2. Understand that God seeks to change the heart, not modify behaviors.  Behaviors have a root and a drive. They are the result of the choices a person makes, and those choices are attached to deeper things. By not focusing on behaviors alone (while holding people accountable to certain standards), we can learn the “why” of the heart. Asking  a person to confront the deeper situations, experiences and injuries of the heart is to gain insight, to reject lies and to let Jesus touch the places that have led a person to “check out” through unhealthy coping. Addicts will continue to struggle with character defects, and if behavioral perfection is the goal, they will not succeed. Perfection is never God’s goal – He is looking for the belief or the mindset that opposes the truth of who He is. He is teaching us to come as we are and openly confess our sin and brokenness before Him so that we can be set free.   Forgiveness is the beginning of all freedom. Learning to forgive others and let God forgive us is where change begins. But sometimes that requires a deeper surgical work of the Holy Spirit. Not all areas of the heart automatically reveal themselves – there can be hidden places where secrets, injuries, resentment and other hazardous human conditions hide. Loving confrontational processes through the tools of recovery allow people to assess, view, comprehend and apply spiritual remedy to the places of hurt, sin and damage.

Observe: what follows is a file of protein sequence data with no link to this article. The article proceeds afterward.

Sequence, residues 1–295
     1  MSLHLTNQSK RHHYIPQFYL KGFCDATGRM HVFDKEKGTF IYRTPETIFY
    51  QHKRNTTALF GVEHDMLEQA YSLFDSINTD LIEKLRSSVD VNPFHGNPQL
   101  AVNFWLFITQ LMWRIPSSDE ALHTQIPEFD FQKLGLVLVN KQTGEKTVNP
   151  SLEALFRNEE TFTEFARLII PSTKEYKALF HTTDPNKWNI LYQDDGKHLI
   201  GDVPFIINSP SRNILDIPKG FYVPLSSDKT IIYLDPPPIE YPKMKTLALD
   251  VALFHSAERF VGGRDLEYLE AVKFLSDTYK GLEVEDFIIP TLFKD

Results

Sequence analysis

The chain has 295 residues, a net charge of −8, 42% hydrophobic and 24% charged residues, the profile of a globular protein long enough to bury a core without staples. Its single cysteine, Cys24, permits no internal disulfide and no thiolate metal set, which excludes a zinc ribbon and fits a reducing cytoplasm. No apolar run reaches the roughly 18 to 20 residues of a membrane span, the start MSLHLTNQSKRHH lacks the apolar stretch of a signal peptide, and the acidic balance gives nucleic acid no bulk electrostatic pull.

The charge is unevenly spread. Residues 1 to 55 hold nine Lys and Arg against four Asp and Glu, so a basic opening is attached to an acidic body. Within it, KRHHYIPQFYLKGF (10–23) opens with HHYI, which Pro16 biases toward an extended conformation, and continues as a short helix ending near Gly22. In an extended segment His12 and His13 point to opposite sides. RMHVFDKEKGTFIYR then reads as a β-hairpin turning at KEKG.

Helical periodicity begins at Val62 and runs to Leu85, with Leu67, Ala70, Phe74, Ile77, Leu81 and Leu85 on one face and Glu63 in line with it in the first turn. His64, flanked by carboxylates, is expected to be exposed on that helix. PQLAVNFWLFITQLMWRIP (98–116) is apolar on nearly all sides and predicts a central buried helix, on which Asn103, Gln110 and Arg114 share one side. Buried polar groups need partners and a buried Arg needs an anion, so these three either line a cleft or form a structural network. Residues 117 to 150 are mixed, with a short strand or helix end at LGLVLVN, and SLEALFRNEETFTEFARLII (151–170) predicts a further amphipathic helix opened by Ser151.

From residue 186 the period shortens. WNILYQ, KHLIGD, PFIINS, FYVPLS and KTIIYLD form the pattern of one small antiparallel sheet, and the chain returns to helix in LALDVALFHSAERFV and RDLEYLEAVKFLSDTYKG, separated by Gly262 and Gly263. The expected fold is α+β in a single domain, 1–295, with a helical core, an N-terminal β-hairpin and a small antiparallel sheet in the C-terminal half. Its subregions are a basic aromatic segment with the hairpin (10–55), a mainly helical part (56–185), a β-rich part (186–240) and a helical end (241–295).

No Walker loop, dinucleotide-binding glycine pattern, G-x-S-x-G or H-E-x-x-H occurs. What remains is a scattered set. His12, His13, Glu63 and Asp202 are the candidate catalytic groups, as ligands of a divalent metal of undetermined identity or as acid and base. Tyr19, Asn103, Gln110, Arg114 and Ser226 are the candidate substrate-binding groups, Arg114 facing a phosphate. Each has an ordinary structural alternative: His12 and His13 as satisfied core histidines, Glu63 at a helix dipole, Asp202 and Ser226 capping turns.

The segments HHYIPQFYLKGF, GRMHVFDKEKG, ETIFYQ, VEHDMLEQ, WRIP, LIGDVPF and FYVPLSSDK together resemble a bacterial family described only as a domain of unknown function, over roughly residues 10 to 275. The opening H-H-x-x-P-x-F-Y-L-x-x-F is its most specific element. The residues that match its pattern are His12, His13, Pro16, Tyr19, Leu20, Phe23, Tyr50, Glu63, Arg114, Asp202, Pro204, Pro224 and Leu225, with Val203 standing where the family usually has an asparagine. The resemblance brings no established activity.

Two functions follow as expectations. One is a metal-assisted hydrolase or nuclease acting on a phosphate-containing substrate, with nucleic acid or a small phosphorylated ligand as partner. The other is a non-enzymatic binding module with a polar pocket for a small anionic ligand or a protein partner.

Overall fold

3. The tool of grace need to be attained as the cure. The dreaded term “cure” makes many in recovery cringe. They will remind us that addiction is a brain disease and can never end. True. It does cause brain defects and an addict should never consume drugs or alcohol again. Some need additional help through diet and a doctor, as to not negate physical problems. But overall, there is a cure. Yes, there is. It’s the same cure that was bought on the cross. When the words “it is finished” were uttered by Jesus, it referred to completion and the all-sufficiency of His grace. But that doesn’t mean the term “cure” magically allows an addict to drink again. Substance will need to be released, permanently. Rather, the cure comes when the bondage of sin, the torment of temptation, the chronic sense of unworthiness, the lack of purpose, the relationship injuries are replaced with this one truth – Jesus is enough. When grace, the very nature of Jesus Christ, is acquired, each stumble can drive a person back into the arms of Jesus rather than in the deceitful hands of the false comforter. A person who walks by grace fully understands the inability to do anything or to move even an inch through self effort. They live, breath and move as a result of connection to Him. Should they stumble or fall at any point, grace is able to pick them up and say “let’s keep going…don’t give up!” That is the heart of God. If people can learn to engage with the language of grace, they will forever be driven to Jesus – and that is by far the best relapse prevention and recovery plan a person can find.